This Disney remake of a popular 1940 original is a heartwarming take on the good old-fashioned "one boy and his dog" genre. Full of charming characters displaying warmth, kindness, and strong moral compasses it runs the risk of being twee and outdated but -- despite the 1970s production standards -- it actually shines. When the phrase "Ain't nothin' but a suck-egg biscuit eater" feels like the most shocking of insults -- and it's directed at a dog -- you know you're in for a family-friendly experience. 

The cast -- both adults and kids -- has a pleasing chemistry, with plenty of moments that will make you smile, and there's just enough peril and anticipation to keep you keen. There's no denying this is a gentle offering from a simpler time, but what this story lacks in high-octane action, it makes up for with its big heart. Plus, by not even acknowledging the characters' racial differences, The Biscuit Eater largely depicts a harmonious, inclusive community. And while this may be a naive and unrealistic portrayal of the 1940s Tennessee setting, it is nevertheless cause for optimism amid a touching tale.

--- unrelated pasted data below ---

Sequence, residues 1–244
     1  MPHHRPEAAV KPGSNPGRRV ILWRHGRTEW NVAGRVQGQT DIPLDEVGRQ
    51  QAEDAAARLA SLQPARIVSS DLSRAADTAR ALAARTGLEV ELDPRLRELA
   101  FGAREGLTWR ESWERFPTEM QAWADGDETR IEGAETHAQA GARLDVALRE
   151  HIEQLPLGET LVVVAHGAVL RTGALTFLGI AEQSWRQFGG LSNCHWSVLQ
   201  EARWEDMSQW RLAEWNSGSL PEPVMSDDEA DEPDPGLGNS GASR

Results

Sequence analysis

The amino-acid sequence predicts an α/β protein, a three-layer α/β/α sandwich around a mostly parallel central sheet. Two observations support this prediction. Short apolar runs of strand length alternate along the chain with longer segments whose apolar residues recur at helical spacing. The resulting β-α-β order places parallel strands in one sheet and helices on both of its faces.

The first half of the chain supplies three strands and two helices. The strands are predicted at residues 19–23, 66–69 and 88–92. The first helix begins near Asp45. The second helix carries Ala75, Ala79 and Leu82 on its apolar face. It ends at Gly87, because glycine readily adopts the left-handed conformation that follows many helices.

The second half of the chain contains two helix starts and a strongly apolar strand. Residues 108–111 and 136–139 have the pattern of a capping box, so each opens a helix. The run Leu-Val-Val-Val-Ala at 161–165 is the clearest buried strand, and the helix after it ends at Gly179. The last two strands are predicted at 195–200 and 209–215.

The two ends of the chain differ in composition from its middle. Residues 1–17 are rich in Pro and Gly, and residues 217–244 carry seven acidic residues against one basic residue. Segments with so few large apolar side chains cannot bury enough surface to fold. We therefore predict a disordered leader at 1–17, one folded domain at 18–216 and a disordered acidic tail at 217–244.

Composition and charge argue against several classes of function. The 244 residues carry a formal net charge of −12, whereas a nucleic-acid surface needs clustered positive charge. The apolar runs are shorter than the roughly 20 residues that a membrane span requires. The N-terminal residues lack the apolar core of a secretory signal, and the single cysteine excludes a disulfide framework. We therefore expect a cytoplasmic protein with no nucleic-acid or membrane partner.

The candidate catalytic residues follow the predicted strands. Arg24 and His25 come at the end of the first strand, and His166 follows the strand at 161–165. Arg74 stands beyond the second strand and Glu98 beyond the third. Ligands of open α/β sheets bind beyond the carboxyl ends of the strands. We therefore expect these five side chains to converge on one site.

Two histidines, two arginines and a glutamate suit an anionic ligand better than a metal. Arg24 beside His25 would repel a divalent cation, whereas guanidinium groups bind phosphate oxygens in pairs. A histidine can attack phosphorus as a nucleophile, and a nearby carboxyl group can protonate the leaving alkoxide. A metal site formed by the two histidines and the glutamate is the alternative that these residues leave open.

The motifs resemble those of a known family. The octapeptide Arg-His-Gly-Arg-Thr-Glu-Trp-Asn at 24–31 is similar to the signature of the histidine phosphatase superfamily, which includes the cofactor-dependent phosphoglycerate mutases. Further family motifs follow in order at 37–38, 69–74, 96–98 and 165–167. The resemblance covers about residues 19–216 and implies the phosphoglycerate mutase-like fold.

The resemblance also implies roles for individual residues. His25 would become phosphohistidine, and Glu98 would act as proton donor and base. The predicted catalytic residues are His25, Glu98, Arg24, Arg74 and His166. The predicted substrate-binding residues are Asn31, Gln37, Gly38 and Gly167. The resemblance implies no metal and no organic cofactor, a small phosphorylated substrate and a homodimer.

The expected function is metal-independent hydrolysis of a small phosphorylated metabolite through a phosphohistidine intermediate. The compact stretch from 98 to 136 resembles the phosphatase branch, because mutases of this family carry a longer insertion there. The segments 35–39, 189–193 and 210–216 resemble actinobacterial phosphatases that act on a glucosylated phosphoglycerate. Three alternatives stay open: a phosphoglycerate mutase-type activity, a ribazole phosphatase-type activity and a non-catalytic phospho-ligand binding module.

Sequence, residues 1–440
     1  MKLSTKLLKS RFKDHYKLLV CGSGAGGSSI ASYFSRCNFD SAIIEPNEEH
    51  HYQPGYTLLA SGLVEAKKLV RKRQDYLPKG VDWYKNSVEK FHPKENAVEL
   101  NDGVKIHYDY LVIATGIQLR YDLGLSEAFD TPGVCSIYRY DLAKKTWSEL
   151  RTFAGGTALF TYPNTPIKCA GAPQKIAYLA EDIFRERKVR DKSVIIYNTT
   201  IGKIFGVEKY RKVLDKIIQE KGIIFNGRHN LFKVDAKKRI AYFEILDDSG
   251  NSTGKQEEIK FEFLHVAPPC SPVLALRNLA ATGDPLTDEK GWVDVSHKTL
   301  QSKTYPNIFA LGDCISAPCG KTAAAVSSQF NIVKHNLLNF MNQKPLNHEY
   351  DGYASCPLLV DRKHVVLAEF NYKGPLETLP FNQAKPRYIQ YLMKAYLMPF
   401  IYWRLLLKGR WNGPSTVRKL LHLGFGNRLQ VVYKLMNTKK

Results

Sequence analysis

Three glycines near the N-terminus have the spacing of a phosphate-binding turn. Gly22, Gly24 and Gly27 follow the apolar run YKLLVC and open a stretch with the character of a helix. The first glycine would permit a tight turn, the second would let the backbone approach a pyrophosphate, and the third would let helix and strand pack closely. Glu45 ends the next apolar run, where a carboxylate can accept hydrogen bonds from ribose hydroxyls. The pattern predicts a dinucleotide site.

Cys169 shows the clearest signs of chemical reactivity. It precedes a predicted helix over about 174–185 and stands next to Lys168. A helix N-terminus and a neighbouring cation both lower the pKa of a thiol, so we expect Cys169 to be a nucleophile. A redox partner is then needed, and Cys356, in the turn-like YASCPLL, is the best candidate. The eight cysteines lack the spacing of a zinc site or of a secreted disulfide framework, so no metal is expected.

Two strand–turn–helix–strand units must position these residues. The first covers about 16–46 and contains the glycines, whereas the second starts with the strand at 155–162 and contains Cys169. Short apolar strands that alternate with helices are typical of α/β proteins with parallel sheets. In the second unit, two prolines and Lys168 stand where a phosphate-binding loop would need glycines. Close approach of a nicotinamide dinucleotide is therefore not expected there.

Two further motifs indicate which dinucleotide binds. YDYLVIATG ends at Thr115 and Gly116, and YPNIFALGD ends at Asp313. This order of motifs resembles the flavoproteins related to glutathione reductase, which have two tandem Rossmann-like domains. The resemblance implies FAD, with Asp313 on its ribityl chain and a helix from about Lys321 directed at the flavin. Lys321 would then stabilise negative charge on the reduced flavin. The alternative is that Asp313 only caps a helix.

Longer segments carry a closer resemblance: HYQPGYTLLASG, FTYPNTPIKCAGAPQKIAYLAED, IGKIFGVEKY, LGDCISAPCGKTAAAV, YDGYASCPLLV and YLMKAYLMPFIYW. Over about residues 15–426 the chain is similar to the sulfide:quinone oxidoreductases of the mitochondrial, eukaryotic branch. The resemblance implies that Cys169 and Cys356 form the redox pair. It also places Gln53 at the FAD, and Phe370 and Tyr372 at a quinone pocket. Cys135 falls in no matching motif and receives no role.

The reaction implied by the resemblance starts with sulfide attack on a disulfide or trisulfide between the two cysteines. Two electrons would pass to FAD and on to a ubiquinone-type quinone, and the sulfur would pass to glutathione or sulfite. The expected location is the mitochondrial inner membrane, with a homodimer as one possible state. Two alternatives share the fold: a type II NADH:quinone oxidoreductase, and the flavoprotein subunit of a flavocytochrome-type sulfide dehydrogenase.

Talk to your kids about ...

  • Families can talk about the uplifting tone and positive messages in The Biscuit Eater. Do you enjoy movies that feature sweet relationships with no trauma or tragedies? Or do you prefer the excitement of fast-paced action and peril?

  • Discuss the hunting scenes in the movie. How did they make you feel? Why do some people hunt? Does exposure to violent media desensitize kids to violence?

  • In what ways are Lonnie and Text good role models? Talk about the qualities they both possess, like loyalty, kindness, and perseverance. Why are these good character strengths to have?

  • Talk about the mix of black and white characters in the movie. Why is it notable that the characters all get along, without racial tension or prejudices getting in the way? Do you think this was a realistic portrayal for the time period? How did it make you feel?

Movie details